GENEVA (11 August 2022) – UN human rights experts* today expressed concern about the situation of children with disabilities in Ukraine placed in institutions and being displaced to other institutional settings either within Ukraine or further afield.
“The current humanitarian crisis stemming from the Russian invasion last February has placed Ukraine in an existential crisis. We deeply appreciate the predicament of Ukraine. Like all conflicts, it is having a disproportionate impact on persons with disabilities especially children with disabilities placed in institutions,” the UN experts said.
“The terrible tragedy of war highlights historic policy choices made in the past that badly affect children with disabilities. Ukraine faces the daunting task of reinventing many of its social and economic systems when this war is finally brought to an end,” the UN experts said. “It is our earnest hope that Ukraine will commit itself to a better future for persons with disabilities, especially children with disabilities. For our part, we stand ready to provide our advice, solidarity and support to Ukraine on this matter”, the experts said.
The experts highlighted three particular sets of concerns.
Firstly, it was reported that thousands of children with disabilities have been sent back to their families and communities of origin but without appropriate assessment to determine the best interests of the child and child protection considerations, which may have left some of them with untreated physical and mental health conditions. This may have led to children with disabilities being sent to situations of potential risk and abuse and possibly ending up on the streets or in the hands of traffickers or abusers. “We fully understand the exigencies of war and the immediacy of the hard choices to be made. But this is not a situation that can be allowed indefinitely,” the experts said.
Secondly, for those children with disabilities who have remained in institutions, there are allegations of displacement from one institution to another within the country to the detriment of their health and well-being. To the known problems of neglect, abuse, physical restrictions, denial of appropriate stimulation and, access to basic services including education and healthcare in institutional settings, is now added lack of information regarding their whereabouts for their families with few efforts to restore linkages between displaced children and their relatives.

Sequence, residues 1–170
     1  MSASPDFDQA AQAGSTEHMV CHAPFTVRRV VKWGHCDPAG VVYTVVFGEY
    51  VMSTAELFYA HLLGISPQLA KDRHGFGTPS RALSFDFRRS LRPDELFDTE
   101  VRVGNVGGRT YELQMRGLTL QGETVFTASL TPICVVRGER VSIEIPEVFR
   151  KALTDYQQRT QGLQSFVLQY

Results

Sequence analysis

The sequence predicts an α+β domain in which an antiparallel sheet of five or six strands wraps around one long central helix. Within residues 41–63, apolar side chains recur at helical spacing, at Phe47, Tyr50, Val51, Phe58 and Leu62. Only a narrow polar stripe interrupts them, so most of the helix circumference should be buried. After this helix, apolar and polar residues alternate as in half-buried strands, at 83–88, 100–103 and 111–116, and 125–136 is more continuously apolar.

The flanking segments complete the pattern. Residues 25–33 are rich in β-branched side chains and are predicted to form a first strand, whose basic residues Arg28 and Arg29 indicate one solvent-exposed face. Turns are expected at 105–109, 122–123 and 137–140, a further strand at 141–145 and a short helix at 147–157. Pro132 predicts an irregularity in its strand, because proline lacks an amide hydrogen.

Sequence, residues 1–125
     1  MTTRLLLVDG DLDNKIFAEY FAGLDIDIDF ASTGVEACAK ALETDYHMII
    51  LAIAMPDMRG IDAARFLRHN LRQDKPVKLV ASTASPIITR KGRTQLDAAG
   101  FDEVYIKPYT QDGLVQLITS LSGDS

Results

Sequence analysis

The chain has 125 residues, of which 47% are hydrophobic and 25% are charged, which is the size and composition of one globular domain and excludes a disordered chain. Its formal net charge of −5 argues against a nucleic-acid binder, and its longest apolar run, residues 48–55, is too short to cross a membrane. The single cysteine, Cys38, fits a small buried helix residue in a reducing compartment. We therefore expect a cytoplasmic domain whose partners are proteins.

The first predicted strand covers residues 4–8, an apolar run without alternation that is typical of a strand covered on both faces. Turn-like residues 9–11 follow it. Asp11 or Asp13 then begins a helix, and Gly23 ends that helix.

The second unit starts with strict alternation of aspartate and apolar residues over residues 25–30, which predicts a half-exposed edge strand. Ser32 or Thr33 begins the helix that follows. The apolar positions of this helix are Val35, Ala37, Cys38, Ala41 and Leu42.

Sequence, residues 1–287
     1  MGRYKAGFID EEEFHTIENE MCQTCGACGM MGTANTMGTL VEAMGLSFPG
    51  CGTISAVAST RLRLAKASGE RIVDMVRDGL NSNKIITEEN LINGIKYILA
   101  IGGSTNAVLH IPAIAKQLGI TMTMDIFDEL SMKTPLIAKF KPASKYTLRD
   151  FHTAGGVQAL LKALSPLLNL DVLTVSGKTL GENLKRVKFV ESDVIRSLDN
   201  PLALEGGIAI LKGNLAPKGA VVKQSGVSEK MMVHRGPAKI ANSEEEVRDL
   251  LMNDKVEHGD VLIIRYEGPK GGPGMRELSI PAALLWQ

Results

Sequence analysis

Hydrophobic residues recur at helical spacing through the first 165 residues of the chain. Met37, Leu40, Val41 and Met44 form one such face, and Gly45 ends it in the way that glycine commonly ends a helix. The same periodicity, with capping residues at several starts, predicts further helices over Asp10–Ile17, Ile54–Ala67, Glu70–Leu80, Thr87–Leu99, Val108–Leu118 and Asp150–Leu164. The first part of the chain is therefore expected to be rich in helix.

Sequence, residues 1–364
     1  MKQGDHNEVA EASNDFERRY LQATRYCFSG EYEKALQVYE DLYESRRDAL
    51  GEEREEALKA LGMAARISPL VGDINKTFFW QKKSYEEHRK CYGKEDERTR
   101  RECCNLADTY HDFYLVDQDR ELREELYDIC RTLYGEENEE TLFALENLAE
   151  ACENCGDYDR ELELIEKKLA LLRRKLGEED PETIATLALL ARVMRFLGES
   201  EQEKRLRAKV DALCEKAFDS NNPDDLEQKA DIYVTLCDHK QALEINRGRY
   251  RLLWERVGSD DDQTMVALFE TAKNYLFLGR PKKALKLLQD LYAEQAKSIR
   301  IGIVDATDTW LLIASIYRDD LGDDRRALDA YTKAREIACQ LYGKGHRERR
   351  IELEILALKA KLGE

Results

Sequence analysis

“Cross institutionalisation cannot be a strategy for the future”, the experts said.
Thirdly, Ukraine has seemingly required third countries to receive children with disabilities on condition that they would be placed in institutions, even when those countries have successfully moved away from institutionalisation as a policy response for their own citizens.
“Third countries have a heavy responsibility to assist Ukraine imagine a better future for its citizens with disabilities which include its children,” they said.
The experts further expressed the hope that those who fund reconstruction and future development will decline to invest in institutions and instead assist Ukraine to build community support that will enable children with disabilities to flourish with their families and in family-like situations.
“We strongly reiterate our many previous calls on the Russian Federation to immediately end its aggression against Ukraine and pledge our assistance to assist Ukraine build a better future for its citizens with disabilities,” the experts said.
*The experts: Gerard Quinn, Special Rapporteur on the rights of persons with disabilities; Siobhán Mullally, Special Rapporteur on trafficking in persons, especially women and children; Mama Fatima Singhateh, Special Rapporteur on sale and sexual exploitation of children; Cecilia Jimenez-Damary, Special Rapporteur on the human rights of internally displaced persons; Tlaleng Mofokeng, Special Rapporteur on the right of everyone to the enjoyment of the highest attainable standard of physical and mental health.
The Special Rapporteurs are part of what is known as the Special Procedures of the Human Rights Council. Special Procedures, the largest body of independent experts in the UN Human Rights system, is the general name of the Council’s independent fact-finding and monitoring mechanisms that address either specific country situations or thematic issues in all parts of the world. Special Procedures experts work on a voluntary basis; they are not UN staff and do not receive a salary for their work. They are independent from any government or organisation and serve in their individual capacity.